As a teenager, you may have heard adults tell you that coffee would stunt your growth.
However, some of these findings need to be put in perspective.
Researchers have found that coffee does not increase the risk of dying, and the benefits of coffee outweigh the risks in most cases.
In fact, one study found that there is a possibility that coffee consumption can actually reduce the risk of death even in people with cardiovascular disease (56).
That study demonstrates a lowered risk of death of 20% for men and 26% for women.
A study by National Institutes of Health involving 229,119 men and 173,141 women of the ages 50 to 71 years old, looked at their coffee drinking habits and mortality over 12-13 years (102).
It also concluded that coffee consumption lowered the risk of total and cause-specific deaths:
In this particular study, the optimum amount of coffee for reduced risk is between 4 to 5 cups a day, with a reduced risk of 12% for men and 16% reduced risk for women.
Researchers have indicated that the antioxidants in coffee may actually help you live longer.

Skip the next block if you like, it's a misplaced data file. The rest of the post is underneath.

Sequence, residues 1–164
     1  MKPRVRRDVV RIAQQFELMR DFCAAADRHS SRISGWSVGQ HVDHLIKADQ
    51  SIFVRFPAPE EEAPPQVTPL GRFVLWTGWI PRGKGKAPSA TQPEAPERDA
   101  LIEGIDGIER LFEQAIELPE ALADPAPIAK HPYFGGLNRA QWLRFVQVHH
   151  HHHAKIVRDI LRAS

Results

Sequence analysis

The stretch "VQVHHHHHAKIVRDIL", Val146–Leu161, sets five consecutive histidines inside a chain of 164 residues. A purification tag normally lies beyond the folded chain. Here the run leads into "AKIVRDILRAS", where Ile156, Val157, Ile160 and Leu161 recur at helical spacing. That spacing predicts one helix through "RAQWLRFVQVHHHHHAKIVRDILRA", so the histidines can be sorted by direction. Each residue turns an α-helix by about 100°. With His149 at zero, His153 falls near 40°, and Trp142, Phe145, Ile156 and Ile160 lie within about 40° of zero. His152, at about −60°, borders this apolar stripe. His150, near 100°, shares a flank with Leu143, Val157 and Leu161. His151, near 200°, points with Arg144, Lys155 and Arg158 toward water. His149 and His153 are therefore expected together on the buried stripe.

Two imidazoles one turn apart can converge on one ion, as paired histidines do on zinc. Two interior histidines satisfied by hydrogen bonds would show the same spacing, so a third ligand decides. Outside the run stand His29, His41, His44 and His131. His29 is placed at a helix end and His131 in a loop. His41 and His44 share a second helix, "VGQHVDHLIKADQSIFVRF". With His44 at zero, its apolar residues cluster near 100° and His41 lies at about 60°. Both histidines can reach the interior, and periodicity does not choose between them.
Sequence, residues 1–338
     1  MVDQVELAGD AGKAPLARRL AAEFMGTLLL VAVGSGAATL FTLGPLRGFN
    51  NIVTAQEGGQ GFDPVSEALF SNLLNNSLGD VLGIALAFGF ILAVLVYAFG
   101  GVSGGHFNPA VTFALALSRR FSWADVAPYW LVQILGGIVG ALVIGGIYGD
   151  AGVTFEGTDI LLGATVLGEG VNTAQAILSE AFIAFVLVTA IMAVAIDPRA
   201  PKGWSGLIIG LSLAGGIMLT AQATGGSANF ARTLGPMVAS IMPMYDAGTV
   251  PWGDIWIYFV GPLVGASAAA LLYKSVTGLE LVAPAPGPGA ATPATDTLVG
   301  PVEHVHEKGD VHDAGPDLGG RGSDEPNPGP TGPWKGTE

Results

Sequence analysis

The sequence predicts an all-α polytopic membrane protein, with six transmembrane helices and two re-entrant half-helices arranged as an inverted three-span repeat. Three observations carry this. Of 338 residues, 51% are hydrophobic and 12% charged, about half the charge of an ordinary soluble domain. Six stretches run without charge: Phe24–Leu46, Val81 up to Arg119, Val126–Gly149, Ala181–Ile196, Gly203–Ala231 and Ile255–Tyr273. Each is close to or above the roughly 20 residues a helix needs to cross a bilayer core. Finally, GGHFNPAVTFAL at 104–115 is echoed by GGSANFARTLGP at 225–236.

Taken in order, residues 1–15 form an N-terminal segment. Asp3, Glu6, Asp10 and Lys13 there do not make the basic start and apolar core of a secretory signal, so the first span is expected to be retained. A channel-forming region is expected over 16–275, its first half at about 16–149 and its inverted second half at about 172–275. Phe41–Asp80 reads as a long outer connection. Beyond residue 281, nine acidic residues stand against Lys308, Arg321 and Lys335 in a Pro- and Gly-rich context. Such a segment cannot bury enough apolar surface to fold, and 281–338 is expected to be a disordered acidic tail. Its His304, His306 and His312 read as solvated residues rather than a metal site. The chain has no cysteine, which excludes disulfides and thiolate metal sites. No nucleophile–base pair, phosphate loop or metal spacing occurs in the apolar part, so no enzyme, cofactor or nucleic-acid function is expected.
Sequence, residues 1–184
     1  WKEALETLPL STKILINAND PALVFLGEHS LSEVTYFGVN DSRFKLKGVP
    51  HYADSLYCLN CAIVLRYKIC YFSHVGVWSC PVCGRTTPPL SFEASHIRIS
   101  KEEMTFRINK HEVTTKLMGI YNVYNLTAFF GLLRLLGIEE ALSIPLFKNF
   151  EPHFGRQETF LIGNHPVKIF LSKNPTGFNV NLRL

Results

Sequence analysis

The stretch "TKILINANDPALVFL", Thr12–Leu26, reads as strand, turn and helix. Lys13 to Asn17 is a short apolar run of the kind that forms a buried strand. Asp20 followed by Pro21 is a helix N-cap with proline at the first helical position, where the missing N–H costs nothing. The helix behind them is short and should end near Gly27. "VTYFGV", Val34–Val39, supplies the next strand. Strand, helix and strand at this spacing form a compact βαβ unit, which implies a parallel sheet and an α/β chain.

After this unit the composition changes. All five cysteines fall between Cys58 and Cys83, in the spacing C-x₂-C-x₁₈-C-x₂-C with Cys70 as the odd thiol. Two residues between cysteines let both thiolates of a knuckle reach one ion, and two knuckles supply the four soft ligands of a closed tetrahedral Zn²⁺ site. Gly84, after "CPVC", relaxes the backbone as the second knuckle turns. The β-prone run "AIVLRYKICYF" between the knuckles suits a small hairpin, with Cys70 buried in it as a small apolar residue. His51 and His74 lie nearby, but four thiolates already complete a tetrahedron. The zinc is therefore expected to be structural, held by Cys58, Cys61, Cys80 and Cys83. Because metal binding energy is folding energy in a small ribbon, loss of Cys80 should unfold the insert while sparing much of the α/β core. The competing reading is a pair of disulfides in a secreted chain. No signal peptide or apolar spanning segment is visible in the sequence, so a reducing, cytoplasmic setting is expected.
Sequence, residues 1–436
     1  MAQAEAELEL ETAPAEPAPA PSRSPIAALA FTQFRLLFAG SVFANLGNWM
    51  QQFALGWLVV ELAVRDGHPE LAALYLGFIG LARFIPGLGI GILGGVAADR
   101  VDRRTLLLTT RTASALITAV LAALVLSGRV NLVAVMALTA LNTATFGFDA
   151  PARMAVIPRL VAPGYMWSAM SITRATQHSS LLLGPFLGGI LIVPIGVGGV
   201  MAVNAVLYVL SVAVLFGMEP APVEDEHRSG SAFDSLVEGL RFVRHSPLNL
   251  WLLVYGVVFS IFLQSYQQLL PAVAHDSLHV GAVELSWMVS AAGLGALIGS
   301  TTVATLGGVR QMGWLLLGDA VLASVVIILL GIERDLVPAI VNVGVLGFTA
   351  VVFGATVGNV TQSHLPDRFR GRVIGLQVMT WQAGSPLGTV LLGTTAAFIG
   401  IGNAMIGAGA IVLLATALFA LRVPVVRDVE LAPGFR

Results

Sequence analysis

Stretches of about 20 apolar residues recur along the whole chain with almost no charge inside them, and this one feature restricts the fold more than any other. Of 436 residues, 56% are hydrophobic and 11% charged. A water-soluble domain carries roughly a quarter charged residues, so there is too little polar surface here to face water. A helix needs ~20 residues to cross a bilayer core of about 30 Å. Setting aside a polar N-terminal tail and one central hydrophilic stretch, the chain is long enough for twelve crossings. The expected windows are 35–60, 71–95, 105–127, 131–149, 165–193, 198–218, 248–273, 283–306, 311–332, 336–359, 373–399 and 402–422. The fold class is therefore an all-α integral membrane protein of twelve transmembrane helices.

One study showed that postmenopausal women who drank one to three cups of coffee a day lowered their risk of death associated with cardiovascular disease by 25% (57).
People with type 2 diabetes can reduce their risk of dying by 30% by being long-term coffee drinkers (58).
Coffee’s benefits for mental, cardiovascular and liver health can also help you live longer.
KEY POINT: Drinking coffee can help you not only ward off potentially fatal diseases but also lower your risk of death attributed to inflammatory conditions.
10. Reduce Your Chances of Getting Parkinson’s Disease
Parkinson’s disease is another common condition that affects the elderly.
Although medical experts aren’t sure what causes the disease, they do know that it is linked to the depletion of dopamine in certain areas of the brain (36).
Many studies have been conducted to examine the correlation between caffeine intake and Parkinson’s disease, but researchers have come up with inconclusive findings.
One study found that caffeine intake lowers Parkinson’s risk in men but not in women who take postmenopausal estrogens (37).
KEY POINT: Drinking more coffee may reduce your risk of developing Parkinson’s disease significantly.
11. Drinking coffee may lower your risk for certain forms of cancer.
Previously I talked about how coffee may help to protect you from cirrhosis of the liver.
Cirrhosis isn’t the only condition associated with poor liver health.
Approximately 30,000 people are diagnosed with liver cancer in the U.S. every year (44).